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[Tunisia] The Committees to Safeguard the Revolution - the example of Bizerte
The Tunisia chronicle, pt.7
Since 14th January numerous committees to safeguard the revolution have been set up in many places throughout the country, with a variety of forms, constitutions and functions. This report is of a meeting with the Bizerte committee and gives an excellent idea of the work they are doing. [Castellano]
The Committees to Safeguard the Revolution: the example of Bizerte
Since 14th January numerous committees to safeguard the revolution have been set up in many places throughout the country, with a variety of forms, constitutions and functions.
Municipal bodies almost everywhere in Tunisia have been swept away, and temporary bodies for managing municipalities have taken their place. The form and make-up of these institutions depends on the balance of forces in each locality. In some cases, they have been created on the basis of proposals by the committees to safeguard the revolution, in others they maintain links with the old local political bosses.
The Bizerte committee to safeguard the revolutionBizerte is a city of 200,000 inhabitants (the province, or governorate, has around 700,000) and lies on the Mediterranean coast at a distance of 66 km from the capital, Tunis.
Around 25 people, mostly women, are waiting for us at the House of Culture (now run by the committee to safeguard the revolution) to exchange experiences and ideas with us.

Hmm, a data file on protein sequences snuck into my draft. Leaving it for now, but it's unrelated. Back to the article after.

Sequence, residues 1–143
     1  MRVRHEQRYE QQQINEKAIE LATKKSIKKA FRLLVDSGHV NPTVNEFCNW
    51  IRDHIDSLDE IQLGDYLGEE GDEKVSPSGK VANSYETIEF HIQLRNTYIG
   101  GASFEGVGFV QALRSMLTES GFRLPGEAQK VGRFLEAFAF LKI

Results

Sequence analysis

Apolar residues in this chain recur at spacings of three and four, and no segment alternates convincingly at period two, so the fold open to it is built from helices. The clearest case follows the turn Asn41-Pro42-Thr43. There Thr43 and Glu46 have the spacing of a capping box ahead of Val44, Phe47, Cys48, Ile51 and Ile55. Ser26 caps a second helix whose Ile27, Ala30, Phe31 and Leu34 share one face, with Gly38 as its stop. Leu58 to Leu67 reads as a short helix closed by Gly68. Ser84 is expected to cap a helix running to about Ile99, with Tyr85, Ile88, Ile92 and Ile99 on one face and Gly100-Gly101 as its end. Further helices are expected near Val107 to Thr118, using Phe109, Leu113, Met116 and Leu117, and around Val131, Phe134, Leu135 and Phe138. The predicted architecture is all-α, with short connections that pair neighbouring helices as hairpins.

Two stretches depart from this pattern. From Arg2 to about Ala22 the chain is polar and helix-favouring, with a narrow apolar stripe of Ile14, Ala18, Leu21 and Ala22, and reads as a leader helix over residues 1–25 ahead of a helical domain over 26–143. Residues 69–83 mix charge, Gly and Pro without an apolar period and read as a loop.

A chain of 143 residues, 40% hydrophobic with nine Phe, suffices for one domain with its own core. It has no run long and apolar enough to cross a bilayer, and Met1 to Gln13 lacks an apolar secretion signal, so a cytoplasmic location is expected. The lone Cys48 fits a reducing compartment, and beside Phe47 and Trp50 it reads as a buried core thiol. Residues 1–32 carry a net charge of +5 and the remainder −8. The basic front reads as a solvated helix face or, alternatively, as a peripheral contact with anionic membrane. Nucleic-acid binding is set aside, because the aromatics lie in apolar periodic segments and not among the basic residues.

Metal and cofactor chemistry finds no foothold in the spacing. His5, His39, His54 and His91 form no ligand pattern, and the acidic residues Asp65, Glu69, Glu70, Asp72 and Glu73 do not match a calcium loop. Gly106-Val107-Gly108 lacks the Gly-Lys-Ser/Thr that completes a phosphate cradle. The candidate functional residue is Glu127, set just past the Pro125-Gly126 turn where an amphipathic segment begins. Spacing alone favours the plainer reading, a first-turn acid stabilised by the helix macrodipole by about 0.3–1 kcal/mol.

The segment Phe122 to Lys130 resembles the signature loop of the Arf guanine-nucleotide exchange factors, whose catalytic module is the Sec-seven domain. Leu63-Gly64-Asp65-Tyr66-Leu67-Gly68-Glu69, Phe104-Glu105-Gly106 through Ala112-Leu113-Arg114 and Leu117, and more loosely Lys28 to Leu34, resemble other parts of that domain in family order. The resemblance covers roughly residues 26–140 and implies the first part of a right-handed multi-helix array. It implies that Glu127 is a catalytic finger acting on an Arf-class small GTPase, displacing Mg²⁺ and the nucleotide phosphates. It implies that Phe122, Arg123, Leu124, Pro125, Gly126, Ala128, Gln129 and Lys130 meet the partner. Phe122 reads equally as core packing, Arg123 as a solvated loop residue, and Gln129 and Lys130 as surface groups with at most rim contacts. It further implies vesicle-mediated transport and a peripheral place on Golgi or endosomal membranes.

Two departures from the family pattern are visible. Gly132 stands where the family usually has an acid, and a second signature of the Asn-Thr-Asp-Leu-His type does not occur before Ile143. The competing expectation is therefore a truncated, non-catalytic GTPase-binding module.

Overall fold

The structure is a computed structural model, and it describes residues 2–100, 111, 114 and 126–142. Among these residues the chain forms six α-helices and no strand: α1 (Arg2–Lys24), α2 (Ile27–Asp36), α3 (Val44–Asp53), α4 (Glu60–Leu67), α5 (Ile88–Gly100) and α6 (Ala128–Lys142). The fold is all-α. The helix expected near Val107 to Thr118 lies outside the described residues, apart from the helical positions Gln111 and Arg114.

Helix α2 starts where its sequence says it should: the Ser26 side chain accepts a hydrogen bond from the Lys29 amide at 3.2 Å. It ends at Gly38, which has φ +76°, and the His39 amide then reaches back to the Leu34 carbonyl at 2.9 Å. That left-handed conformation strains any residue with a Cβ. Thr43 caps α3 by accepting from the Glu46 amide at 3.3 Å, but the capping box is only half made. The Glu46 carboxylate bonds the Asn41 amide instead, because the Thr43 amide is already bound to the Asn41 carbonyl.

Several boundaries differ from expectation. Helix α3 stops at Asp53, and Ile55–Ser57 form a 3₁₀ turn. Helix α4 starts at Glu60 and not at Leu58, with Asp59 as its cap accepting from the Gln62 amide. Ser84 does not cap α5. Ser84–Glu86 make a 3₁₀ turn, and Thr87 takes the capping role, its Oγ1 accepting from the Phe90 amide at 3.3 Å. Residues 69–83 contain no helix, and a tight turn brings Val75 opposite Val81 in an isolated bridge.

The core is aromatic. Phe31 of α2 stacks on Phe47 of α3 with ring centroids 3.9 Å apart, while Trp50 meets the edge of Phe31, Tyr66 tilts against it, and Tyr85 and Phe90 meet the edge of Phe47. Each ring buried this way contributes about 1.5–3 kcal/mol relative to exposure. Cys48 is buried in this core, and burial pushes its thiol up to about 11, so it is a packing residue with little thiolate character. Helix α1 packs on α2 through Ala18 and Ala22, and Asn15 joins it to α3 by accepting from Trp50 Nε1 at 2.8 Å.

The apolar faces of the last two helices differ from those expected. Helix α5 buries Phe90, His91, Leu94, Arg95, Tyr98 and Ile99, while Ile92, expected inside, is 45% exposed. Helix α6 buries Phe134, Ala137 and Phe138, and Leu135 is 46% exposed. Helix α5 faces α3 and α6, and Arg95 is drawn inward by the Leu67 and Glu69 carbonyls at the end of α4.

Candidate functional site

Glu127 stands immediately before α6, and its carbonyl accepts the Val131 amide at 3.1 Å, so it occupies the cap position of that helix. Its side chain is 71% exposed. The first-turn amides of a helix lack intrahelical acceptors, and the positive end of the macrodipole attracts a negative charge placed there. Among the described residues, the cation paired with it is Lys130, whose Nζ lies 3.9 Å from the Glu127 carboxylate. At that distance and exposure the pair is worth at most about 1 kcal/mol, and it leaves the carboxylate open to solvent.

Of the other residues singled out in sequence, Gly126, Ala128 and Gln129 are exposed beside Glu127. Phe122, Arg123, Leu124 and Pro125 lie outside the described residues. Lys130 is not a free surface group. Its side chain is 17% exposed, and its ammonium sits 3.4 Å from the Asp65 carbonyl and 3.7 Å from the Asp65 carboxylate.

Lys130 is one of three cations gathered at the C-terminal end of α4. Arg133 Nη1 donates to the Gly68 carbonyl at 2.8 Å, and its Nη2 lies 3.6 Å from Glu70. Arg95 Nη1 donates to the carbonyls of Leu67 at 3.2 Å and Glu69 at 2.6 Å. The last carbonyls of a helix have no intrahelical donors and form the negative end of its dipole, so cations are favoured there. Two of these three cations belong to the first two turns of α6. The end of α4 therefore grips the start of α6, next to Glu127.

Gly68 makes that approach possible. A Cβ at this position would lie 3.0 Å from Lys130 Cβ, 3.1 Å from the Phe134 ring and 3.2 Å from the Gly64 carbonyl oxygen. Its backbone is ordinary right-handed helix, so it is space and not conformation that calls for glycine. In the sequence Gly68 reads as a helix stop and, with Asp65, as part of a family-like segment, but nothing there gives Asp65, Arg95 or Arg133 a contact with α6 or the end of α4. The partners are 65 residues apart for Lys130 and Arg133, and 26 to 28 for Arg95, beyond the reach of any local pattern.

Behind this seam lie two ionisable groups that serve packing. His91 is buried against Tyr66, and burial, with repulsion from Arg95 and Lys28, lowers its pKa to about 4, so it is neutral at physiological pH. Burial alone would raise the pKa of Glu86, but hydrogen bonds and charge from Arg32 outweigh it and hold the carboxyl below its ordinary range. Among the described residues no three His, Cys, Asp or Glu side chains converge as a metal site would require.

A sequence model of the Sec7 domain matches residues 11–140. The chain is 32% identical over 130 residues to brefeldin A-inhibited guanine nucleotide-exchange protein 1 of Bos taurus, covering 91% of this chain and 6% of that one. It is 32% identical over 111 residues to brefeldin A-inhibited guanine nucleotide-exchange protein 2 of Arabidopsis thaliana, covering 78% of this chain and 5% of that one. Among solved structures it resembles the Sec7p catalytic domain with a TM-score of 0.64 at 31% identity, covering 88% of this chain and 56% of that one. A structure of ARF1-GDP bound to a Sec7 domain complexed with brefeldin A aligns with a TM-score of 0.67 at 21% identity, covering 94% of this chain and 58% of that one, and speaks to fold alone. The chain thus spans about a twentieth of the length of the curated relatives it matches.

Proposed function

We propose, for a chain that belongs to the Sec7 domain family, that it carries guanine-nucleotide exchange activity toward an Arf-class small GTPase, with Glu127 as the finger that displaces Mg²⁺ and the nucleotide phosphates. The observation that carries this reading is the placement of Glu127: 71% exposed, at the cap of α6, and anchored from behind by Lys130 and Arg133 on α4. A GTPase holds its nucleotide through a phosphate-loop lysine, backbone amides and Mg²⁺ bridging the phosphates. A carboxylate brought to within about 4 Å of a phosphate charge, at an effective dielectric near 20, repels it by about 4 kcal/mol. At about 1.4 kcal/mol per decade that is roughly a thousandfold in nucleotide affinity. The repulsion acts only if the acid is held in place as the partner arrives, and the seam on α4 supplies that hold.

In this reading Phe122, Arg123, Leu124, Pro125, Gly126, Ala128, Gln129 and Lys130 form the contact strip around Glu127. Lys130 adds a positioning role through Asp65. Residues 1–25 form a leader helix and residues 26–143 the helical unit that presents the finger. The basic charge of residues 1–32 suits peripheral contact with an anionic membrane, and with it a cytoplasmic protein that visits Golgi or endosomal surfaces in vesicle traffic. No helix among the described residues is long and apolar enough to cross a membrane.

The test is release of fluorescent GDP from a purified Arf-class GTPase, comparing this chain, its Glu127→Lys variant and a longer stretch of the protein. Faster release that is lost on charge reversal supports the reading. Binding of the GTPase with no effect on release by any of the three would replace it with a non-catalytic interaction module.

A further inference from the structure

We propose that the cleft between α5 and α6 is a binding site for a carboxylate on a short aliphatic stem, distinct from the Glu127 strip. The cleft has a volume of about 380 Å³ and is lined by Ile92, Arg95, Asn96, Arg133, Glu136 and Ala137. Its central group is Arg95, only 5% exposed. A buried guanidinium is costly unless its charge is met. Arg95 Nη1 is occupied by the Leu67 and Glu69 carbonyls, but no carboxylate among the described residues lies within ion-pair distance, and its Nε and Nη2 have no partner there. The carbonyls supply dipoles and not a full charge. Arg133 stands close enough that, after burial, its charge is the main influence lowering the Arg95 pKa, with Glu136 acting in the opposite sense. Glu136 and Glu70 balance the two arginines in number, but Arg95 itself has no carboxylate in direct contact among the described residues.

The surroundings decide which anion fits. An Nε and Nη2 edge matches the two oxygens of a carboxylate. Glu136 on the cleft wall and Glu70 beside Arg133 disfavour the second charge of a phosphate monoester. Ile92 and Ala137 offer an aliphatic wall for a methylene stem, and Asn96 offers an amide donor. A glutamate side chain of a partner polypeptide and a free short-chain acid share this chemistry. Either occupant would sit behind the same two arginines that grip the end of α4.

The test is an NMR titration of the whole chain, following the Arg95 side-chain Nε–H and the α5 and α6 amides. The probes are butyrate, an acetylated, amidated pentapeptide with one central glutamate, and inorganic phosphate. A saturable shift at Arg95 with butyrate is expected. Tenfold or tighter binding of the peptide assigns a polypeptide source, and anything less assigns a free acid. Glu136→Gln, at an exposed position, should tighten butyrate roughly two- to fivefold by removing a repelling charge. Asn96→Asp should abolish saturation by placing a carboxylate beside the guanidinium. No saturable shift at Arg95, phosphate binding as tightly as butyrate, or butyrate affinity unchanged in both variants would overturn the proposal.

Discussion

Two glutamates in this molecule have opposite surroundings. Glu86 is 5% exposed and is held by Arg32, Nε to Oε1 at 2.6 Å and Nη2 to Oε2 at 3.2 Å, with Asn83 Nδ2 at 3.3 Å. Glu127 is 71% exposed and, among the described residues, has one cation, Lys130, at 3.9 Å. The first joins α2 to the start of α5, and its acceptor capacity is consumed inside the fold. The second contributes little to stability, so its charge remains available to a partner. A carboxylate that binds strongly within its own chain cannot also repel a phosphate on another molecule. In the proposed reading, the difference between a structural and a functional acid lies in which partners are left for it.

The Bizerte committee is of an open, assembly-based nature. Between 500 and 1,000 people attend the meetings, where decisions are made. The committee is then responsible for implementing these decisions. People attend as individuals, not as representatives of parties and trade unions. The main force is the Union of Unemployed Graduates who have organized more than 10 branches in the province, in addition to the one in Bizerte. Lawyers, teachers, trade unionists and young people all participate in the provisional running of the city. The assembly has elected 25 people to the City Council, which was submitted to the governor of the province.
It seeks to foster participation and direct democracy. Each person has the right to vote at the assembly and everything is done to make sure the interests of all rather than party interests are catered for. It also seeks to encourage people to be active in everyday tasks. It is clearly run as an example of an attempt at counterpower and social self-management.
A difficult task aheadWe discuss the lack of experience in taking on so many responsibilities and the need for training and cooperation. On the one hand, it seeks to continue the process of dissolving all of the dictatorship's apparatus of repression. We talk about the example of El Kef, a town where the committee to safeguard the revolution has produced a dossier containing the photos of all the corrupt individuals and those who were involved in repression. But also about the biased judiciary and government who have freed the police officers and corrupt individuals who were brought to justice by the people.